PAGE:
Few Gen Zers Grew Up Having Family Dinners

February 9, 2022

The family meal, once a regular part of American family life, has become a rarity. Americans who belong to Generation Z are far less likely to report having grown up sharing daily meals with their family than other Americans. Less than half of Gen Zers (38 percent) and Millennials (46 percent) say that their family had daily meals together, compared to more than three-quarters (76 percent) of Baby Boomers. The decline in family mealtime may come at a cost. Americans who grew up having regular family meals have been shown to have lower rates of depression and better relationships with their parents.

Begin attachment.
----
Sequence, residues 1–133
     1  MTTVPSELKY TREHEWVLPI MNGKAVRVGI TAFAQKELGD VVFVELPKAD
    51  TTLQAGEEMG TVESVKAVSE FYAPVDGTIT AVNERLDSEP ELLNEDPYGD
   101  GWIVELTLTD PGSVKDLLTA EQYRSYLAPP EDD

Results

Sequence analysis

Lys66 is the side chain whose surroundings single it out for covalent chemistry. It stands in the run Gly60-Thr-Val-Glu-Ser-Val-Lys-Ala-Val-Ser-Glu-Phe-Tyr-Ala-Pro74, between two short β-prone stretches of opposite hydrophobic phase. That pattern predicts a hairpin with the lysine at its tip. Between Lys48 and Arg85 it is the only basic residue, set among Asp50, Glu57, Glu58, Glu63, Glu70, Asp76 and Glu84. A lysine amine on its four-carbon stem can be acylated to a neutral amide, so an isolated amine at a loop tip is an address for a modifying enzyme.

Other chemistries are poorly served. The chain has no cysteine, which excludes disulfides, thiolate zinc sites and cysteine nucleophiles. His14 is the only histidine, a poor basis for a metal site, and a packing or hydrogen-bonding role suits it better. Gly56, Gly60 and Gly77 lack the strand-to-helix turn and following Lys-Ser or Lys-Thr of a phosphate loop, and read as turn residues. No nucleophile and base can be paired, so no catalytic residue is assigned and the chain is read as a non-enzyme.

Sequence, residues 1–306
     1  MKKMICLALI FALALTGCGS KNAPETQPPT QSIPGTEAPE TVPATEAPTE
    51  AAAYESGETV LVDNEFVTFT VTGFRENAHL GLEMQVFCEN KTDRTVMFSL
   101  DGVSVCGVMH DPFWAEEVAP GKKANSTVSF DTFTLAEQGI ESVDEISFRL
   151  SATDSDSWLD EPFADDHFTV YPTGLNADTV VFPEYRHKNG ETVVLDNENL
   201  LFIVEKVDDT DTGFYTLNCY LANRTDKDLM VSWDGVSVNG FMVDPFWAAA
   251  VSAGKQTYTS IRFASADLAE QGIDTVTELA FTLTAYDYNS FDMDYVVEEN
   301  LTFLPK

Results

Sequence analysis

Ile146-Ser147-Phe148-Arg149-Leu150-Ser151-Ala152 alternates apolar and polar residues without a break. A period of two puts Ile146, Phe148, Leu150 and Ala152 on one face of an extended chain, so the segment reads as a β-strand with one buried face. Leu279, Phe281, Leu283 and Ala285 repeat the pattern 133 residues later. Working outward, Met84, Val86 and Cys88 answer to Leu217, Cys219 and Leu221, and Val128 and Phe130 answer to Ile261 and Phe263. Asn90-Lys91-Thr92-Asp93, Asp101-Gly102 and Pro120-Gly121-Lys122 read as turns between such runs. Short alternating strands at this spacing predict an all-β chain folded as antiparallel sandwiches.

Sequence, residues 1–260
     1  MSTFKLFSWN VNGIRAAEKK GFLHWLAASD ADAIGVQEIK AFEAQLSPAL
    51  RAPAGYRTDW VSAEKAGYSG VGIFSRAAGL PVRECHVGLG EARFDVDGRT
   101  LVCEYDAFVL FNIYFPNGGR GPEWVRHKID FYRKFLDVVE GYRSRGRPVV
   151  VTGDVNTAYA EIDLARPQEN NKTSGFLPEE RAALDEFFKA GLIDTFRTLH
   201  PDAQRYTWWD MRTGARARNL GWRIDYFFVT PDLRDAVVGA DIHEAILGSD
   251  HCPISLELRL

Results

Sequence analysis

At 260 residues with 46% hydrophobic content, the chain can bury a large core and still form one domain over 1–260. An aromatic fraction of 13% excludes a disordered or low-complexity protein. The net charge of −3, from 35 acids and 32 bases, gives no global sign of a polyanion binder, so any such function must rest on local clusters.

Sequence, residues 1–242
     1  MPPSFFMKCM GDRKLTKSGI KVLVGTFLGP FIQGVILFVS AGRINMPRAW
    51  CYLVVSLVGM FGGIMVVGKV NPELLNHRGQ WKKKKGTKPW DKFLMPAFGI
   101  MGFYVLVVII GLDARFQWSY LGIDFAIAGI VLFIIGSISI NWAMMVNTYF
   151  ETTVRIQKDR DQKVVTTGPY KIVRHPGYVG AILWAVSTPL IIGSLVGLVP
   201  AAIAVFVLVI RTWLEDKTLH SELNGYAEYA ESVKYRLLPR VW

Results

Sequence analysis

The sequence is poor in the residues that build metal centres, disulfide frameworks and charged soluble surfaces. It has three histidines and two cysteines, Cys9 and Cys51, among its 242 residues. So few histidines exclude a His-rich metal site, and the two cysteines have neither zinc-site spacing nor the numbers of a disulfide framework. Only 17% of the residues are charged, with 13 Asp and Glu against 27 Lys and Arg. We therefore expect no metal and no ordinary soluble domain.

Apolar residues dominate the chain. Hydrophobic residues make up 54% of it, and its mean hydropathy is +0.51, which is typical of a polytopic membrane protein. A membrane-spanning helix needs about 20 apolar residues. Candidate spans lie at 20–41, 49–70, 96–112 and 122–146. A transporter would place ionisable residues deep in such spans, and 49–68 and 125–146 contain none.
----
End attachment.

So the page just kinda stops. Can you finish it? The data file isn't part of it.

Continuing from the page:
Survey Reports

An illustration of the side profiles of four people. From left to right: a young white man with blond hair, an older Black woman with short, curly Black hair, a young woman with tan skin and black hair with a blue streak, an older man with darker tan skin with curly grey hair and a mustache.

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bridge between college graduates and those without a degree

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